5 Minutes with Meg: Stress Edition
I’ve been thinking a lot about...
…stress and exercise.
Exercise makes people feel better. Among other things, it experientially and physiologically lowers our stress levels.
Peculiar thing about exercise: most of us know it’s good for us. And many of us exercise less than we plan to/would like to/feel we should. We tend to exercise most when motivation is high. And what increases motivation is different for everyone. For the majority, the benefits need to be valuable and meaningful. I’m going to assume you wouldn’t have read this far unless you were interested in reducing your stress to some extent. So, check that box.
For some, understanding why and how…or knowing the benefits are proven is motivating. So, to be brief, exercise creates both acute and long-term physiological adaptations that either counter stress or make the body more resilient to its pervasive effects. Physical activity has been shown to lower sympathetic nervous system activity, increase endorphins, and alter HPA axis activity. There’s recent evidence to also support that exercise supports neurogenesis.
Did you know that the simple act of elevating your heart rate through exercise on a regular basis can make you more tolerant to psychological stress?!?
Beyond the physiological mechanisms, exercise has also been shown to attenuate stress and anxiety through mechanisms including: improving concentration, distraction, socialization (here’s looking at you group fitness!), improved sleep, muscular relaxation, and improving self-esteem.
Okay, here are 7 quick (and hopefully useful) sound bites:
- Everything counts: It doesn’t have to be 60 minutes, and it doesn’t have to be super complicated or tough. A 15-minute brisk walk has been shown to be incredibly effective and, in fact, for some individuals, long, intense workouts are NOT conducive to lowering stress. Especially in the context of a long busy day, where trying to make time for a long gym workout simply stresses the person out!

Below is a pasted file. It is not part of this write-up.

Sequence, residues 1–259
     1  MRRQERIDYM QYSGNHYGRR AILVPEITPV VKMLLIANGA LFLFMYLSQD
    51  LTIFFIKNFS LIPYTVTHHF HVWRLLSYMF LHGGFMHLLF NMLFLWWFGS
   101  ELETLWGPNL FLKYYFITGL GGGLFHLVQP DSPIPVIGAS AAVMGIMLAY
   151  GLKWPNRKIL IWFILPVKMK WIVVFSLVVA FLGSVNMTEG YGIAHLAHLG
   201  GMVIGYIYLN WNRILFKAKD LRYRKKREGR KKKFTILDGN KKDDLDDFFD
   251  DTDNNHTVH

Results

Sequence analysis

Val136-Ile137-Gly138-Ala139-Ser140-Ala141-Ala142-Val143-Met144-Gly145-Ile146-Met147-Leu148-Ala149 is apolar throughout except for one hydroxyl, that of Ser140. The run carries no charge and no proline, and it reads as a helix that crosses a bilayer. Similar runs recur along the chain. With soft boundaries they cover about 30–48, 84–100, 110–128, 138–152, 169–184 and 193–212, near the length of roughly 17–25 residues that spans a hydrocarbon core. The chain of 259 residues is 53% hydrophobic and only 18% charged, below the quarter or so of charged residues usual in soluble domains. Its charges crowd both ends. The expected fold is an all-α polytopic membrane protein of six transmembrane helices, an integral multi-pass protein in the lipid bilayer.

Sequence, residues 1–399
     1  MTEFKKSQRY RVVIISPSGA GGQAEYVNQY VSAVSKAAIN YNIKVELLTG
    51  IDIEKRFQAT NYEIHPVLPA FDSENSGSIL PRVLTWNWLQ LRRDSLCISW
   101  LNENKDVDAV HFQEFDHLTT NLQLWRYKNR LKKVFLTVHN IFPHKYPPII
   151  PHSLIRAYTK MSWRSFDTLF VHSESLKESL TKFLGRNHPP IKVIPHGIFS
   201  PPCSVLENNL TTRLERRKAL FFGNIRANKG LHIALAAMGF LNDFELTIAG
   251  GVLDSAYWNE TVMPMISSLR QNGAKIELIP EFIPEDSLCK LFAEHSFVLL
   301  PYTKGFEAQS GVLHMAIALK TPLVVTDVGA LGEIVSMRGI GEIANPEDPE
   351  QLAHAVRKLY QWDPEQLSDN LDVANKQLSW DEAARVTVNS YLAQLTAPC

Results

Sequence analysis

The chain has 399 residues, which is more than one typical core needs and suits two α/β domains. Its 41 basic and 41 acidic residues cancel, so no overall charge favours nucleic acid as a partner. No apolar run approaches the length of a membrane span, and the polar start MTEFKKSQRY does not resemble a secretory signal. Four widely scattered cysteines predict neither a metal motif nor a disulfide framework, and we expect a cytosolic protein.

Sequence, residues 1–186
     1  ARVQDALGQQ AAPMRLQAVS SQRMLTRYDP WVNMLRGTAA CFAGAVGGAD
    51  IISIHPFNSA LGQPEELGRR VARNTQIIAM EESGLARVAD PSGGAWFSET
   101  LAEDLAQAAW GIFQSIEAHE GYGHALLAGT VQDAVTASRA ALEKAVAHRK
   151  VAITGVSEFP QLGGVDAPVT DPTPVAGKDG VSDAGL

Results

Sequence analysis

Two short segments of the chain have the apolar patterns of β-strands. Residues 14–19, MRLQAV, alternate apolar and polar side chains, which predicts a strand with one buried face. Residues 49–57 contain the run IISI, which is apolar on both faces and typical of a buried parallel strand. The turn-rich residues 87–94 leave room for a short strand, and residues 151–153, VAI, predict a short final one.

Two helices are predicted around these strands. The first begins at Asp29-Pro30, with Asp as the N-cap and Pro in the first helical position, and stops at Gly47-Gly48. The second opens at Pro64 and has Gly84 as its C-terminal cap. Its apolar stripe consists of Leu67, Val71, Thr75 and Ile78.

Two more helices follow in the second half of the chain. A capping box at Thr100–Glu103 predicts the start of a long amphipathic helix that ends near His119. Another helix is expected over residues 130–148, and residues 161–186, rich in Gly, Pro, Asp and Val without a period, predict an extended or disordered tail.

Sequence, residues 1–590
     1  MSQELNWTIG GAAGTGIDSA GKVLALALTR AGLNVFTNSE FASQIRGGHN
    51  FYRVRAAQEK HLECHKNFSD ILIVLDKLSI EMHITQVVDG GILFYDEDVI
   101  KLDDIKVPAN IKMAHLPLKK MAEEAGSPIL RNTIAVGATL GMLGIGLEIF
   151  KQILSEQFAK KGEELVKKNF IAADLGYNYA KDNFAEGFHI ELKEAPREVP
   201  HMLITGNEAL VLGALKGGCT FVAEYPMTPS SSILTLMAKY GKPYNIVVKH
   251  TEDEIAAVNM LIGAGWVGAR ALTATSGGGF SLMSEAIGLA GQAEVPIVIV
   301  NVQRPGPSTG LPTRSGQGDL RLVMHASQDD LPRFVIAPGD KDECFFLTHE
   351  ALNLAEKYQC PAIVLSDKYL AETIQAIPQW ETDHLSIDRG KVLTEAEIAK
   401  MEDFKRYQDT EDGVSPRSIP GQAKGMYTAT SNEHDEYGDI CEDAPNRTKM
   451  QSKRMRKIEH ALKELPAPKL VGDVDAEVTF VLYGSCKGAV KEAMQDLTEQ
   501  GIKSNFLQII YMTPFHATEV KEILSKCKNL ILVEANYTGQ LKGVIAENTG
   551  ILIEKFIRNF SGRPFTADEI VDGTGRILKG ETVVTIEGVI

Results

- Moving meditation: Whether you prefer to run, do Yoga, or try Pilates, steady methodical breathing will increase oxygen flow to the brain, and quieting the mind often allows people to problem solve better. Return to the office with a new, positive perspective or a solution to a difficult problem.
- Distraction: An activity that is technically or physically really challenging will distract you from the stress. Boxing? Step Class? Compound Lifting? Any and all of these will do the trick! Consider it a moving “break,” if you will!
- Pleasure: The simple act of having fun, socializing, and connecting alleviates stress. The natural endorphins released during physical activity are jacked up even more for some when they are enjoying themselves. Get to one of our amazing Group Fitness Classes, head outside and PLAY with your kids, friends, and/or partner!
- Sleep: Lack of sleep is a HUGE stressor. People who get more than 150 minutes of physical activity a week tend to sleep longer and better. The tricky part: the what and when is different for different individuals. For the majority, exercising 30 to 90 minutes prior to sleep isn’t helpful at all, whereas many find 3 to 6 hours before bed is the perfect time to exercise in order to improve sleep. Some find exercise first thing in the morning does the trick; perhaps as it wakes them and they therefore decrease their caffeine intake throughout the day. Relaxing yoga is better for some, high intensity 30-minute strength workout for others, or a walk, run, or bike ride in the outdoors for others.
- Relax: Try progressive relaxation, whether in a Yoga or Stretch class, or simply on your own. Stressed bodies hold excessive muscular tension. Learn to allow that tension to dissipate… from your eyebrows… to your shoulders… to your toes… Ahhhh…
- Self Esteem: Sometimes our challenges overwhelm us. For me, there is nothing like mastering a super heavy deadlift, finishing a grueling run, or nailing a HIIT workout that makes me feel like I can do ANYTHING. I feel strong, powerful, able: to tackle that stress down to the ground.
I hope there’s something in that list that can help you. It’s your journey – not anyone else’s – do what works best for you. Just remember that we’re always here to help, however you need it. Need a little extra motivation? Schedule a session with a trainer. Can’t seem to relax? Join one of our Yoga or Stretch classes. And if you’re struggling with a specific challenge? Reach out!
Meg Sharp, MSc., B.Ed.Kin, FST, Executive Director of Personal Training, Cambridge Group of Clubs